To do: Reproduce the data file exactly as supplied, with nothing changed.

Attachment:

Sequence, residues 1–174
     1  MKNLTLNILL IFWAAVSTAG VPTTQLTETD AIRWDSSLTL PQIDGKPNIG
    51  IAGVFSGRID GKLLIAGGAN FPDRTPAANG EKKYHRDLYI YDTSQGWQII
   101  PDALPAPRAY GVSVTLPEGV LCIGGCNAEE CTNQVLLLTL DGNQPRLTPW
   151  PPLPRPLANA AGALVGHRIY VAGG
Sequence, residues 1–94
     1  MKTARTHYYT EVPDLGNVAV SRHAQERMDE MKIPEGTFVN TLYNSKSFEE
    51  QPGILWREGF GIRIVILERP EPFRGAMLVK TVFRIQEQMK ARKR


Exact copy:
Sequence, residues 1–174
     1  MKNLTLNILL IFWAAVSTAG VPTTQLTETD AIRWDSSLTL PQIDGKPNIG
    51  IAGVFSGRID GKLLIAGGAN FPDRTPAANG EKKYHRDLYI YDTSQGWQII
   101  PDALPAPRAY GVSVTLPEGV LCIGGCNAEE CTNQVLLLTL DGNQPRLTPW
   151  PPLPRPLANA AGALVGHRIY VAGG
Sequence, residues 1–94
     1  MKTARTHYYT EVPDLGNVAV SRHAQERMDE MKIPEGTFVN TLYNSKSFEE
    51  QPGILWREGF GIRIVILERP EPFRGAMLVK TVFRIQEQMK ARKR